Extremists attack London shops and banks

Several buildings were damaged in central London on the sidelines of Saturday’s anti-cuts protest, with banks including branches of Santander, HSBC and Lloyds TSB, as well as other businesses such as McDonald’s targeted by breakaway groups of protesters.

Fortnum & Mason, the smart department store on Piccadilly, and the shops in front of the Ritz hotel on the same street, were also targeted, with people smashing windows and damaging produce on sale. Some two dozen protesters occupied the roof of the shop’s front entrance and some of the departments inside for more than an hour.

As darkness fell, Metropolitan Police deployed their controversial containment tactic, kettling, outside Fortnum & Mason.

Officers made nine arrests during the afternoon – all for criminal damage, threatening behaviour or intent to cause criminal damage. Five officers were injured, with one requiring hospitalisation, while 27 protesters were injured.

The first scuffle occurred at Oxford Circus at 1.45pm when protesters attacked a Topshop store. Paint and smoke grenades were thrown at police and the store’s facade, cracking several windows.

The police, who closed Topshop, said ammonia-filled light bulbs were thrown at officers on Oxford Street. These protesters were heavily outnumbered by the usual weekend mix of tourists and shoppers, some of whom were hit by paint fired at the shop.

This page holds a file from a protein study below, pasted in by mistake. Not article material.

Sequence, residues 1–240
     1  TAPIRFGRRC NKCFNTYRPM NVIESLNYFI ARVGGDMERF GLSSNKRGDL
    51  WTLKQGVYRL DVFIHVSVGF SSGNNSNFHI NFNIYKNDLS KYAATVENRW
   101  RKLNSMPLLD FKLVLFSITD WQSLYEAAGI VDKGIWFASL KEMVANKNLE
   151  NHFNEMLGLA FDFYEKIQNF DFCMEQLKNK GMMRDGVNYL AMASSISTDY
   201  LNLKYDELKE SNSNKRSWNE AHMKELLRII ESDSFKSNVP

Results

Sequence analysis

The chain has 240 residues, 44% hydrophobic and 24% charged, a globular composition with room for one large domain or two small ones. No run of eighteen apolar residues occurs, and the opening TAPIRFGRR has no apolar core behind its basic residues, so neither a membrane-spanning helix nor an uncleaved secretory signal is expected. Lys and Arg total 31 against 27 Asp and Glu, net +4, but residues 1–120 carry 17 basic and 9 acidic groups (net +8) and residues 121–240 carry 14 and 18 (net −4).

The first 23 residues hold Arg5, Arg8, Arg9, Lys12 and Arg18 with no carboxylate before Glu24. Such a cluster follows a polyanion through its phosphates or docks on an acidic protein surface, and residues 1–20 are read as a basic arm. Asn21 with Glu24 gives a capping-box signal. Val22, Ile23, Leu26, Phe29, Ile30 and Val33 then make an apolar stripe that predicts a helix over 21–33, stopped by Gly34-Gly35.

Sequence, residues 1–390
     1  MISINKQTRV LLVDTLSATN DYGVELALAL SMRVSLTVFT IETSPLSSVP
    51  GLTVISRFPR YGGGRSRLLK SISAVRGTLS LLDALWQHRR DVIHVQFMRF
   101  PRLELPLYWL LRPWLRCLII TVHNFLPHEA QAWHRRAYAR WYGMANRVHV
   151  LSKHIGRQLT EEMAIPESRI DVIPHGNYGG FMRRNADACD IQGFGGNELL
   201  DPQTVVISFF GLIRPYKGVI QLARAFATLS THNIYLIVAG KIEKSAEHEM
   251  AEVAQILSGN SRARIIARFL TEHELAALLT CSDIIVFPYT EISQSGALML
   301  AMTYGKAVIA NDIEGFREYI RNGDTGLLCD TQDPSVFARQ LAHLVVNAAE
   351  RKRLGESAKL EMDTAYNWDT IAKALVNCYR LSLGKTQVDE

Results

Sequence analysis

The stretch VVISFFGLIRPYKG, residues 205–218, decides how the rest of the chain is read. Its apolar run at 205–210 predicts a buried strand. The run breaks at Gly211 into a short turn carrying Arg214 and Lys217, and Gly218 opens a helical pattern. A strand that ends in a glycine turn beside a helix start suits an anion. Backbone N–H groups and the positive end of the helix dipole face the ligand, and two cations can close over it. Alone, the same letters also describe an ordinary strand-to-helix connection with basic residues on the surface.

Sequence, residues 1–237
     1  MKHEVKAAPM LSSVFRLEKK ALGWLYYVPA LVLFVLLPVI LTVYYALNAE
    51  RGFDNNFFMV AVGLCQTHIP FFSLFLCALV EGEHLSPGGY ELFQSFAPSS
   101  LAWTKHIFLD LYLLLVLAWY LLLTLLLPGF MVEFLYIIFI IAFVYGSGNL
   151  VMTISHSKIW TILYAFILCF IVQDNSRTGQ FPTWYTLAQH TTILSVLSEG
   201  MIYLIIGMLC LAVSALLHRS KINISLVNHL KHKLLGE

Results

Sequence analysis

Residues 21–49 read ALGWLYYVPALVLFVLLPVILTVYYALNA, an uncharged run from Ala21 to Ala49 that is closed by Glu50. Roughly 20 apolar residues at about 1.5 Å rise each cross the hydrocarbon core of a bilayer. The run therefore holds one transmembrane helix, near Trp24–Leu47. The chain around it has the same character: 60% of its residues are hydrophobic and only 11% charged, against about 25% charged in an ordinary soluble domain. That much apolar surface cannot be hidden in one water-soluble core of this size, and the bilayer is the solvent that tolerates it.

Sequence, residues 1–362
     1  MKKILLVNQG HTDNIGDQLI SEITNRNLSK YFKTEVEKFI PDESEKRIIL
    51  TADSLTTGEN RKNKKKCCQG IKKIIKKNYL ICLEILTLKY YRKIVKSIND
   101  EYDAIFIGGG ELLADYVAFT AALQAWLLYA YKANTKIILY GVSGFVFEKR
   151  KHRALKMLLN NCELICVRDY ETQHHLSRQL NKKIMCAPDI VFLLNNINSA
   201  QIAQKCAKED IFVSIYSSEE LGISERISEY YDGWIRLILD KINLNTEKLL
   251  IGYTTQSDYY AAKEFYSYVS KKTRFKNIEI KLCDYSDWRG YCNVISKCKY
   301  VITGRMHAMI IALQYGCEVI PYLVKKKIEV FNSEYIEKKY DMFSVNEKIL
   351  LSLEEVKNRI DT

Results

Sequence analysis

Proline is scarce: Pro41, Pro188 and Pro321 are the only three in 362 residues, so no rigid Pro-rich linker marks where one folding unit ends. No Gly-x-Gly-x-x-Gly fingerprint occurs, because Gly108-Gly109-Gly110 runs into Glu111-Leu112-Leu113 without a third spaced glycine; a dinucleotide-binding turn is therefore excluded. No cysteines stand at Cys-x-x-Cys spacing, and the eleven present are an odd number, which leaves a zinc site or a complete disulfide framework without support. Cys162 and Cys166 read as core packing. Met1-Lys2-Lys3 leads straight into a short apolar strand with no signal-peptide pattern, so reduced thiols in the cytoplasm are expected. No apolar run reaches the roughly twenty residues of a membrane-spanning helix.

UK Uncut, a direct action group opposing corporate tax avoidance, was thought to be behind many of the attacks on shops, including the occupation of Fortnum & Mason. Members of the group waved black and red flags from the window above the retailer’s ubiquitous green and white clock.

The group accuses Associated British Foods, which is 54 per cent controlled by Fortnum & Mason’s owner Whittington Investments, of avoiding £40m of tax.

The Ritz was also attacked by protesters wearing balaclavas and hooded tops, shattering windows and throwing yellow and purple paint.

As most of the protesters occupying Oxford Circus made their way towards Piccadilly, a small group of young people, dressed in black hooded tops with scarves pulled over their mouths, let off coloured flares and smoke bombs in the centre of the road.

Riot police had largely left the scene when one group set fire to an 8ft high model horse they had brought with them to the march. Students claimed the “Trojan horse” signified the betrayal of the Liberal Democrats rescinded promise not to raise university fees.

Branches of HSBC and a McDonald’s at Cambridge Circus were also attacked, with several protesters breaking in before riot police arrived.


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